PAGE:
The world lost a great man this Saturday.
Nonsense poet John Henry David III died suddenly from massive contusion of the eye socket last night; the cause of this strange death has not yet been found.
The half-vampire poet, (we asked as little as we could about his background,) who lived in his parents' basement and lived off of dog food and garlic water, was found lying upon the downstairs couch with a pencil in his hand and a pencil in his eye.
How the latter found its way into said apeture is as yet unknown, but forensic scientists suspect it had been placed there forcefully. The man's parents claim that they heard "noises from below" but belived it to be the satanic rituals they were sure their son performed down there.
"I always knowed he wuz a bad'n becuz he always talked bak t'me an' never did whut i tol'im to. I d'no why he gone did that stoopid poetry thing in th'first place, I never approved of his nonsense wrtin's. They be the devil. But I'd never shove a pencil through his eye. That'd be dum." said the father.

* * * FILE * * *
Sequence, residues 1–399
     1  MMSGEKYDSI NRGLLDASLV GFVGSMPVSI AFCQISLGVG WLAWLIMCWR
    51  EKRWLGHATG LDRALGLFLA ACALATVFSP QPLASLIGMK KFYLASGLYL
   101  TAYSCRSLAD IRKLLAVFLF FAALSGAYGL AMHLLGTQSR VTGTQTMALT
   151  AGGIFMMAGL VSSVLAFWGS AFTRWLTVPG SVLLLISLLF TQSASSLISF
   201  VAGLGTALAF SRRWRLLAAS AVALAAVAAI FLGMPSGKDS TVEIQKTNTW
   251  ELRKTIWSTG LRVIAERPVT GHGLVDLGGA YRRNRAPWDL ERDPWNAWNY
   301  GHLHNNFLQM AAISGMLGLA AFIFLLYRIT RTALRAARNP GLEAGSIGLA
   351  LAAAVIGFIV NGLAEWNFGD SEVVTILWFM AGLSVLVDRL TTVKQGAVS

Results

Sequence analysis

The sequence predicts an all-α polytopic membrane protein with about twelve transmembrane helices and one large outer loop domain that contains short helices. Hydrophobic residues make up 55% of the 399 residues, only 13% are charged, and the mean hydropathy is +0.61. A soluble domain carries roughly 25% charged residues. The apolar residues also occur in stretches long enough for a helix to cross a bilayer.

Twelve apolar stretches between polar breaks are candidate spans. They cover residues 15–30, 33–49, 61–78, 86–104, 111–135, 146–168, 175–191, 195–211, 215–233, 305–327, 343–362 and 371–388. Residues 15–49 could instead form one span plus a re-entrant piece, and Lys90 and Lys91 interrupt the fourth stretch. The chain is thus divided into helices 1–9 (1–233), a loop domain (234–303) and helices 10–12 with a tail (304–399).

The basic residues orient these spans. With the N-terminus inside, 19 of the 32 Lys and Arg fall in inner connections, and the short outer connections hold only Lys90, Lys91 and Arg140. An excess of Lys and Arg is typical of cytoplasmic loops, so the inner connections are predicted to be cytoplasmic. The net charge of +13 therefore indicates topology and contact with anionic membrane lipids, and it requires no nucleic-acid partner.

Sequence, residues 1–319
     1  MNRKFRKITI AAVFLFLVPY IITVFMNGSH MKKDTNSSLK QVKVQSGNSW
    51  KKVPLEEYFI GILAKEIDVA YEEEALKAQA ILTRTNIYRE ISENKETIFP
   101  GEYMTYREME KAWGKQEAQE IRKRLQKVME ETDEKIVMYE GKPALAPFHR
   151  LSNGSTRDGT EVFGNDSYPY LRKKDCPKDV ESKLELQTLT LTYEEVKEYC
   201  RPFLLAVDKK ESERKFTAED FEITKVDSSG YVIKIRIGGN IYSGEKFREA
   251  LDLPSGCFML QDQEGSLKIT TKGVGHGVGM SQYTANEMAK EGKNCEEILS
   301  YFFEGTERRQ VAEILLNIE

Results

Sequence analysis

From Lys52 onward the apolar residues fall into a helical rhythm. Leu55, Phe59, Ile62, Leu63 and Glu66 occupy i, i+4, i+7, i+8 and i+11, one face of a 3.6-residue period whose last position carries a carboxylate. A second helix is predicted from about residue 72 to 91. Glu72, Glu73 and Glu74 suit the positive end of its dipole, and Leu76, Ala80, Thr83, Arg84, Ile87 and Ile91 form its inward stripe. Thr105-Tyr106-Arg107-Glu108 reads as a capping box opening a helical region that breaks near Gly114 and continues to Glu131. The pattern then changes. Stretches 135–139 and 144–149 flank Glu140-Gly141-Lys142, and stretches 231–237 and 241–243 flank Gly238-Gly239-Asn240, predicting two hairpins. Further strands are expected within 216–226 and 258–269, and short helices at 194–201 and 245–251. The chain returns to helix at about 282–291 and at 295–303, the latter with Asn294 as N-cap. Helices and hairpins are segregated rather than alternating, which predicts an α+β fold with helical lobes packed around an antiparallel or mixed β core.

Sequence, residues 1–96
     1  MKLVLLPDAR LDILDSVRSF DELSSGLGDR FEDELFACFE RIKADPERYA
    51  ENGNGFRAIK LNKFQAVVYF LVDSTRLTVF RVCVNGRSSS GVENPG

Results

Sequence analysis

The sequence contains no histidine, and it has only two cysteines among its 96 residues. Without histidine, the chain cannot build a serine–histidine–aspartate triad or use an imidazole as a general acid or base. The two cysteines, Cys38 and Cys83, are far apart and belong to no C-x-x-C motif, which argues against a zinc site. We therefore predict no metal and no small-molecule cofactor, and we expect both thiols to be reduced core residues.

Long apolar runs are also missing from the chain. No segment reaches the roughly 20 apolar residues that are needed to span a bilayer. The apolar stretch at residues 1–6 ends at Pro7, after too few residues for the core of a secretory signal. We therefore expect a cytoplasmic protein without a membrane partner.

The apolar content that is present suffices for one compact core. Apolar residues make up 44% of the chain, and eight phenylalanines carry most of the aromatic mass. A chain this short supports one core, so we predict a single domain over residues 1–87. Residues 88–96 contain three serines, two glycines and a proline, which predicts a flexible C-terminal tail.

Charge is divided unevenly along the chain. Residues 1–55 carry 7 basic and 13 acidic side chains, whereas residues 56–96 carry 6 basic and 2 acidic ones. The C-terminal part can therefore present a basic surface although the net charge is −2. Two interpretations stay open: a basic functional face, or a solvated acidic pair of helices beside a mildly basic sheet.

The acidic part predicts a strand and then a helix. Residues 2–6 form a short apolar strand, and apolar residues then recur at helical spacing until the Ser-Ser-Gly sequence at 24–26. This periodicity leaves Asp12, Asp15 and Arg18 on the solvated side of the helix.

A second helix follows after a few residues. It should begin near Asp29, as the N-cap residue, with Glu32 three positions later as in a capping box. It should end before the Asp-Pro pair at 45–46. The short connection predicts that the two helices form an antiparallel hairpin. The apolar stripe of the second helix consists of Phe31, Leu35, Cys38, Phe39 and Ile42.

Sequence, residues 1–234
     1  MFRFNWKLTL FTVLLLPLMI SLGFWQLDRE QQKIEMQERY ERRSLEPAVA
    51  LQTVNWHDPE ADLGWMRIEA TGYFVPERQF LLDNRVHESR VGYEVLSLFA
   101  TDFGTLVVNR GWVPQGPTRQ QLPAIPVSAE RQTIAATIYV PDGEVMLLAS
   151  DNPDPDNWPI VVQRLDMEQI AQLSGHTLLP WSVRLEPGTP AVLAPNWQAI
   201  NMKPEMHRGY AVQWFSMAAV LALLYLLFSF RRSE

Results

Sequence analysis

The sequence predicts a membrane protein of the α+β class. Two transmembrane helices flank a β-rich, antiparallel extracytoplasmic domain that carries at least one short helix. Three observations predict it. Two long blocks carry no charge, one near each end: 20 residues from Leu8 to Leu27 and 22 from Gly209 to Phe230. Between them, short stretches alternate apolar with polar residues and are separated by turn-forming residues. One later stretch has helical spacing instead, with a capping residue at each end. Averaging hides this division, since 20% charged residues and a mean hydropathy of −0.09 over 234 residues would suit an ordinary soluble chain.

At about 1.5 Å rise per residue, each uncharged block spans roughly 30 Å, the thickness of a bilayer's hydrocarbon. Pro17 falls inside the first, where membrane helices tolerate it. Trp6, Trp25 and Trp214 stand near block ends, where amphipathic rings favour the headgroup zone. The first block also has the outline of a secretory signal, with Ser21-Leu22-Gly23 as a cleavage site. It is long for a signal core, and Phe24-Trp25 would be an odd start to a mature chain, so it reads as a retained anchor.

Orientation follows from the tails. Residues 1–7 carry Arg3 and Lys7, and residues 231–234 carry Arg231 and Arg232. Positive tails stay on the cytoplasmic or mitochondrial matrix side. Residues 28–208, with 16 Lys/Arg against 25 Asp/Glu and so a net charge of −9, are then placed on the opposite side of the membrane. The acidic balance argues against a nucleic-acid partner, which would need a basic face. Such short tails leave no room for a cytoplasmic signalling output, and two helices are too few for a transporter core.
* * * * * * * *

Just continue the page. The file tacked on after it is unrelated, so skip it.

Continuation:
"John was a bad child," agreed Mrs. David, "sometimes I had to beat him with a five-iron just to make him carry around my television set as I moved about the house!"
David's "large" following of poem-lovers was heartbroken by the news of his death and wrote heartrending nonsense poems to place upon his headstone. One particularly moving poem reads:
Oh Chicken Bucket
*sniff* So emotional.
Most readers of David's material claim they read it for the humor. Thus, most were terribly displeased when the obiturary, which they expected to contain some of his trademark laughs, proved quite drab. They felt it didn't do him justice, and sent packages of poo to the people who wrote it. Said one fan,
"He had an infallible sense of the funny things in life. Or maybe he just wrote down a bunch of words in semi-grammatical constructions that didn't make any sense but were somehow funny. I don't know. Either way, my seagull is an elephant."
Well our seagull is an elephant too. Sleep well, sweet prince, and may flocks of angels bear thee to their nest.
Or something like that.